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General Liquid/Water Cooling Discussion For discussion about Full Cooling System kits, or general cooling topics. Keep specific cooling items like pumps, radiators, etc... in their specific forums.

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Unread 10-26-2002, 06:37 PM   #1
Puzzdre
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Default Two pumps config - serial or paralell?

I need your help on this guys,

wanna build new rig, having two pumps (maxi jet 1000), one rad, plexy res, #rotor style block on cpu and nb, flow indicator, all 1/2 tubing.

What I had in mind is res as a highest point in system, followed by pump or pumps. I wanted to hook the pumps to the res in paralell, than feed the rad - cpu block - nb - flow indicator - res.

BUT...

Is the paralell pump setup way to go? I meant to connect pump outlets through the Y, than feed the rad.

OR...

One pump sucking from the res, feeding rad, than second pump from rad to blocks to the res.

Ofcourse, I can hook up pumps one after another right behind the res, but that would be a little tricky (but doable) in tower I want to mod, so I want to put them side by side in paralell setup, or serial but not one after another.

Any comments/infos/even flame appriciated!
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Unread 10-26-2002, 07:02 PM   #2
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The non-scientific answer would be serial. In a parallel configuration you risk backflow and possibly pump damage if one pump is pumping harder than the other. If my memory serves me right you'll get better results through parallel, but the risks outweigh the benifits. Essentially in series you'll be keeping the flow rate in GPH of the stronger pump, but adding the head rating of the two, so if you have two pumps that pump 250 GPH at 5ft head, you'll be pumping 250 GPH at 10ft head in the new config (its been a while, so I may be wrong). There was a big discussion on this a few months back, so you might want to search. The other nice benifit of series is that if one blows up, you wont lose flow since the other will still be working ... in parallel most of your flow will flow back through the parallel loop and the rest of your system will be nearly stagnant leading to flaming CPU death.

Anybody else have better input?
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Unread 10-26-2002, 07:04 PM   #3
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Oh, and you want to keep the pumps in front of the res rather than behind (relative to flow direction). The res will absolutely destroy your flow if your pumps are pumping into it. If you put them both after the res you'll get much better system flow since centifugal pumps are more efficient pushing than pulling. That is something I know for certain.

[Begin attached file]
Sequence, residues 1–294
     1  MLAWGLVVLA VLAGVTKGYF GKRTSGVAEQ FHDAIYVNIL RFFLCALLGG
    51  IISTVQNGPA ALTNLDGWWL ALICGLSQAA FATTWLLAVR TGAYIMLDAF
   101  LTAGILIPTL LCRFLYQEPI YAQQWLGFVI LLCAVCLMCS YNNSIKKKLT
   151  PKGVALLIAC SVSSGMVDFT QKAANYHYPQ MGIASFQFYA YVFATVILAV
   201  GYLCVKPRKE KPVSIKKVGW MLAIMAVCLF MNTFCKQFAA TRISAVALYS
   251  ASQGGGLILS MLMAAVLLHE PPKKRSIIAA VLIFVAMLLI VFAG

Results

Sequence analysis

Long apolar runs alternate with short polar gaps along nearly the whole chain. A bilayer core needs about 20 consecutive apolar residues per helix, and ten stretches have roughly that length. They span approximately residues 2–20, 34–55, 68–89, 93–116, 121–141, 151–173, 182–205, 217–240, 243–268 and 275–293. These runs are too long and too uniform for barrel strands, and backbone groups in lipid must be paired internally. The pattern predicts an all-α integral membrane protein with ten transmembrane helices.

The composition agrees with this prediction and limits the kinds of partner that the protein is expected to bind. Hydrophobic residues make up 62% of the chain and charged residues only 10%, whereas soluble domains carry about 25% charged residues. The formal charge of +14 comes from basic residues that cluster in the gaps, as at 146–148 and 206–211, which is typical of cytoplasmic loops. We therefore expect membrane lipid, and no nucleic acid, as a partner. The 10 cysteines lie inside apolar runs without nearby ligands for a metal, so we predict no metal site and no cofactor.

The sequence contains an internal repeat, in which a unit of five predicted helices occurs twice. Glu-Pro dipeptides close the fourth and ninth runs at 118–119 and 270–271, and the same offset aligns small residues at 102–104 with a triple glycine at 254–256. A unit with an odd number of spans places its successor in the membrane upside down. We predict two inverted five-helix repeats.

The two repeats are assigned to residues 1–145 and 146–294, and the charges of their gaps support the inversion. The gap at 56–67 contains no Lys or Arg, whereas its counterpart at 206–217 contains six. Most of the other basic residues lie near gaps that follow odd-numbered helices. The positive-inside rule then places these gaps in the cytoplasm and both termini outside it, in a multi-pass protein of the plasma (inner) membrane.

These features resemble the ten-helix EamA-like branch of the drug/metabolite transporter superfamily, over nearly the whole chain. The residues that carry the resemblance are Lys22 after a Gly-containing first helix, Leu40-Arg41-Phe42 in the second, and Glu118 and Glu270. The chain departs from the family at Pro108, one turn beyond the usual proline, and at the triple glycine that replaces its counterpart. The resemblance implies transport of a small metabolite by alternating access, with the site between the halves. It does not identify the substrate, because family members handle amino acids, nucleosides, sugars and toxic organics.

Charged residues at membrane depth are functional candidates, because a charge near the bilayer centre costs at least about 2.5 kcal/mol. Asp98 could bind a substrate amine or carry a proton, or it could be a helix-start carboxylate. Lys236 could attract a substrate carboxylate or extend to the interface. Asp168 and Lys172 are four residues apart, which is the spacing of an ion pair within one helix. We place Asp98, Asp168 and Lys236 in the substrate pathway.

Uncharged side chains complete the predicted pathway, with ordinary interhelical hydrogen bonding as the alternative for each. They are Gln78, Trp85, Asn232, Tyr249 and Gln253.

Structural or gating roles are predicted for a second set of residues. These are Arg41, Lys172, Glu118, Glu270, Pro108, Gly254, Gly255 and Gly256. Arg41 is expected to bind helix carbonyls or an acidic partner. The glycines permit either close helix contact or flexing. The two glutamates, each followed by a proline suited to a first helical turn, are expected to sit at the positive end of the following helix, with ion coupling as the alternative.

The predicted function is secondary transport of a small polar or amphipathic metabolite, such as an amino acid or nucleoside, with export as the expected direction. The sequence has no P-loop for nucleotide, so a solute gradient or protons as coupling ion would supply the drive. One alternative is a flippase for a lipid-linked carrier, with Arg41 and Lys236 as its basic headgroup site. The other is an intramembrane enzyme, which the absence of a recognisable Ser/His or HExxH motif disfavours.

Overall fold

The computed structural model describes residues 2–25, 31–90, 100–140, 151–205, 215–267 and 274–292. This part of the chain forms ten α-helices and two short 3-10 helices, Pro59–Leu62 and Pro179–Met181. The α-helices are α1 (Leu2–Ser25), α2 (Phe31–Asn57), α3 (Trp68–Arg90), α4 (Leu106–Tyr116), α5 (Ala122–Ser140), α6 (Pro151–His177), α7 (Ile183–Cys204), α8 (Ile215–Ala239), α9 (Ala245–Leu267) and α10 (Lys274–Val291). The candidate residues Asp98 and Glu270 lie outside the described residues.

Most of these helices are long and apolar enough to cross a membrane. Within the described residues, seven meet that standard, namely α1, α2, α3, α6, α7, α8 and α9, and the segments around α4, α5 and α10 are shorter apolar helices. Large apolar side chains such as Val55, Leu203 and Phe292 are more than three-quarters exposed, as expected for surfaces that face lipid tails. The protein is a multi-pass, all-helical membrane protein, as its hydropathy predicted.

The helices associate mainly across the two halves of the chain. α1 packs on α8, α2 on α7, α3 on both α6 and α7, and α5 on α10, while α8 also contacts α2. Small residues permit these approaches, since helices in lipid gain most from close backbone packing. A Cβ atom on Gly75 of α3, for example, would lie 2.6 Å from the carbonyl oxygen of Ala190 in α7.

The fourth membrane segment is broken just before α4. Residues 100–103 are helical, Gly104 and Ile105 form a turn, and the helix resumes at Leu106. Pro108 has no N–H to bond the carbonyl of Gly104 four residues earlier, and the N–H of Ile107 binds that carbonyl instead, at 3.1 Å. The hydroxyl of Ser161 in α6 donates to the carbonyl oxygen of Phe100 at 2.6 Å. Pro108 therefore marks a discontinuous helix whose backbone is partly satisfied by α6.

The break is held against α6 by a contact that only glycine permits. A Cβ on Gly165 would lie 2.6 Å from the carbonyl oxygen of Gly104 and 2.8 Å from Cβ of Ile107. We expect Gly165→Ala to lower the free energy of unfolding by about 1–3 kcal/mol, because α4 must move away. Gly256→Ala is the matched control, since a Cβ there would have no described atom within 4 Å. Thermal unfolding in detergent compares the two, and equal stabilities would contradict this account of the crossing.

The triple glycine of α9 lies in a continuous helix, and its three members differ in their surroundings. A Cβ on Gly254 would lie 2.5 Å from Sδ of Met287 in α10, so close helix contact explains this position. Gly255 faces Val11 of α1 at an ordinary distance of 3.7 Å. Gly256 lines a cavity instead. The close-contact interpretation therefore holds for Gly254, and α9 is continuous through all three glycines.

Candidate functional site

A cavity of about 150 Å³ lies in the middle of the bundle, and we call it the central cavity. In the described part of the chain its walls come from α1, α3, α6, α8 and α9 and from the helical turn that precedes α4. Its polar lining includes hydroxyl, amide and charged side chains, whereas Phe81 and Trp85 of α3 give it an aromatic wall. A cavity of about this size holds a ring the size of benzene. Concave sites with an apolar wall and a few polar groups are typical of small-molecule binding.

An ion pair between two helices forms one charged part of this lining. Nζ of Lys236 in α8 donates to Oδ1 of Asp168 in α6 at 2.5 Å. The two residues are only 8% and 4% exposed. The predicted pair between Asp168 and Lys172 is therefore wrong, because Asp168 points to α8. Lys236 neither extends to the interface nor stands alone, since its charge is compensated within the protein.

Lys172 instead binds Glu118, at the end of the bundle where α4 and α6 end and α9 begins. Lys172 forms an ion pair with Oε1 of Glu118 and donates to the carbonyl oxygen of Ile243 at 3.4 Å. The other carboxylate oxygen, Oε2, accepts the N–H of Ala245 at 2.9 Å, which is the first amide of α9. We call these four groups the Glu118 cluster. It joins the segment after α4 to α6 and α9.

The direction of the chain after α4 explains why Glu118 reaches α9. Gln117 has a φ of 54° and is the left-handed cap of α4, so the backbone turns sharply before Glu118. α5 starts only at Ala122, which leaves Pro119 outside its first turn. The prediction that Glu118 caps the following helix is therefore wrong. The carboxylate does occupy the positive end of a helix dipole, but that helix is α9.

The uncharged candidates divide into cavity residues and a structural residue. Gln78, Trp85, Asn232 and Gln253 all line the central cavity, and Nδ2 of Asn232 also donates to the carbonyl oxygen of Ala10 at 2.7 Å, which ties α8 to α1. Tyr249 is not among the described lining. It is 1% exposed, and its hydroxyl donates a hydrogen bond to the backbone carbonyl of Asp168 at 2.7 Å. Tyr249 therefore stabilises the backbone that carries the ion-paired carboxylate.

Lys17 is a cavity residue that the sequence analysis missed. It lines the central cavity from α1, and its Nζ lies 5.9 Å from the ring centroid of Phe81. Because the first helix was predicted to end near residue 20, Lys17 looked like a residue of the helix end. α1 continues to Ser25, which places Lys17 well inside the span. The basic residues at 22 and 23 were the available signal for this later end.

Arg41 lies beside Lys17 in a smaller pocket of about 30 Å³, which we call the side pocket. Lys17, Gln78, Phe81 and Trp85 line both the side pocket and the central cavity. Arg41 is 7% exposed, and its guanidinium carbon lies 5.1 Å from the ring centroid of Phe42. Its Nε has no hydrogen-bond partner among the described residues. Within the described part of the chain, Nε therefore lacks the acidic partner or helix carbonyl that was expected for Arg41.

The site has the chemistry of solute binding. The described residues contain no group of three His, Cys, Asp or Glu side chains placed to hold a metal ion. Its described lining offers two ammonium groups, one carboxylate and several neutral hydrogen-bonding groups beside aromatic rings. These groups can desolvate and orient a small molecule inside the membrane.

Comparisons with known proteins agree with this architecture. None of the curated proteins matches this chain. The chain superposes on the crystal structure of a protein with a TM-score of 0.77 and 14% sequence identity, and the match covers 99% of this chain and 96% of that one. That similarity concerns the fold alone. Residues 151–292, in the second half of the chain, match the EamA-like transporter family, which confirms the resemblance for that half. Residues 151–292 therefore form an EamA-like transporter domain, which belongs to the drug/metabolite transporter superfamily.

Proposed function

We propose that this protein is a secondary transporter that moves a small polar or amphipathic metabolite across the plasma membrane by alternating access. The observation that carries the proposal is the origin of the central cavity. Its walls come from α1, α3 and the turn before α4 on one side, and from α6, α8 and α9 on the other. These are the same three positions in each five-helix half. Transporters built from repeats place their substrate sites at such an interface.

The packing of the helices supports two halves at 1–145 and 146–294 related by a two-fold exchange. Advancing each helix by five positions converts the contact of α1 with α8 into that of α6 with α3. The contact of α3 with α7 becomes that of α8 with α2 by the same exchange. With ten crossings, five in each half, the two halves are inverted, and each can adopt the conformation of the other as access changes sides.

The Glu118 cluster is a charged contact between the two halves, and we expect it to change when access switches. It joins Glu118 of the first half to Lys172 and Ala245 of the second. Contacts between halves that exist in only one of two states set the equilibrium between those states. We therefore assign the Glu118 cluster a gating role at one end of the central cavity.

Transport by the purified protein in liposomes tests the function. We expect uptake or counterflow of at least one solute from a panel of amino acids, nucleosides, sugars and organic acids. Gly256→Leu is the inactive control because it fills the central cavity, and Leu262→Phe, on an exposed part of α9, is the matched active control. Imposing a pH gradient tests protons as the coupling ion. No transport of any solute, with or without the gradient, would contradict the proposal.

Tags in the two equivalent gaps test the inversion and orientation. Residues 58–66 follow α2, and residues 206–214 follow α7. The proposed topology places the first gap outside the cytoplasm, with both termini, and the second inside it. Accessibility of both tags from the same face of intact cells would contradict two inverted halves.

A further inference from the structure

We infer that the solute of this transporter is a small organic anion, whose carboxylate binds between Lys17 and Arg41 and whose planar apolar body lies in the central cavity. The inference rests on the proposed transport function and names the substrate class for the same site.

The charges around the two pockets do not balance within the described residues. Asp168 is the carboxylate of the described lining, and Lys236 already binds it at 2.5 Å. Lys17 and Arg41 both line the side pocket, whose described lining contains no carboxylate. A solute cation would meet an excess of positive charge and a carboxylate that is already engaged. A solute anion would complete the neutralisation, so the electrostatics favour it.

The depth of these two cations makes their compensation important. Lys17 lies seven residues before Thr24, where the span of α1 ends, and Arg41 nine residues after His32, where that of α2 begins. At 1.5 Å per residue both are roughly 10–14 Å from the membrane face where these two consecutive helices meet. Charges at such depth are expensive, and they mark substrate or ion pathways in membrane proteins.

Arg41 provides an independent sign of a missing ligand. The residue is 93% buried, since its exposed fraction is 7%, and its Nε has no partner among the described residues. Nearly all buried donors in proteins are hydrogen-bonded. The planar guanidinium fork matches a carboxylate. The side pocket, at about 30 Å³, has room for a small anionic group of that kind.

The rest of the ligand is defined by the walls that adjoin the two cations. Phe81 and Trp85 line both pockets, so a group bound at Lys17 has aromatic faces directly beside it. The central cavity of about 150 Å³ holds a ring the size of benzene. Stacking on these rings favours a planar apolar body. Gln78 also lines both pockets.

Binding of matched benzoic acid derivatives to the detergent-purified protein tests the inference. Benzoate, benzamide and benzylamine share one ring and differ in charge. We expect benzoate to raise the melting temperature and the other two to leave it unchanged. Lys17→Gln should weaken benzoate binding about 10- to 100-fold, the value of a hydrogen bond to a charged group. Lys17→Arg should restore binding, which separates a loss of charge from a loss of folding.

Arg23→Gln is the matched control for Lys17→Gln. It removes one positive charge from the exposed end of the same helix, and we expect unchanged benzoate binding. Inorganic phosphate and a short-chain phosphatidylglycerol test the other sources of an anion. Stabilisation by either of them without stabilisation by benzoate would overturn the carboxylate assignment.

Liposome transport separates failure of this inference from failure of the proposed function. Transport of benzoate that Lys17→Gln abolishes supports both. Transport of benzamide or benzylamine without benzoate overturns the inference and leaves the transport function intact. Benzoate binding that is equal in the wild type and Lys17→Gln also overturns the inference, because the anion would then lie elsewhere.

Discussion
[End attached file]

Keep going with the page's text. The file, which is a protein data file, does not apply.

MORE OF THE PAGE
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Unread 10-26-2002, 07:12 PM   #4
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Thx airspirit,
I didn't express myself right way, when I said pumps after the res, I meant pumps inlets to the res, and outlets toward rad. Sorry, I just have the pic (in my head) of it how I want to mount it in case, so I made a mistake not clarifying that.

Yes, I did the search before I started the thread, good thing I found morphling1's thread about several pumps in series, but couldn't find much on pumps in paralell.

Oh, and your'e right, paralell pumps = same head as one, double flow, serial pumps = double head, single flow.

And for those cheapo' pumps, I didn't even think of possible failure of one, and consequences of that.

Thx!
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Unread 10-26-2002, 09:29 PM   #5
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Anyone have any conclusive data as to the long term effects running 2 identical pumps in serial? Will it cause long term pump damage? I am not looking for speculation, just some hard data.
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Unread 10-26-2002, 11:25 PM   #6
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This is not that difficult a situation. You can think of pumps as devices that add pressure to a system. The amount of pressure they add varies with the flow rate produced. If you put two identical pumps in series, the maximum possible pressure you can develop essentially doubles while the maximum possible flow rate remains the same as for a single pump. If you put two identical pumps in parallel, the maximum possible head remains constant while the maximum possible flow rate doubles.

In real-life systems, you always have some flow resistance. This means that a pump will never produce its peak flow (which only exists at zero head). In a typical system, you'll normally not see much performance difference between the two options. In restrictive systems you may see a nice boost from running in series. In rare instances, the difference may be dramatic. Heck, in open systems with enough vertical lift, you routinely see multiple pumps in series (lift stations). I'm now talking more on the industrial side of things.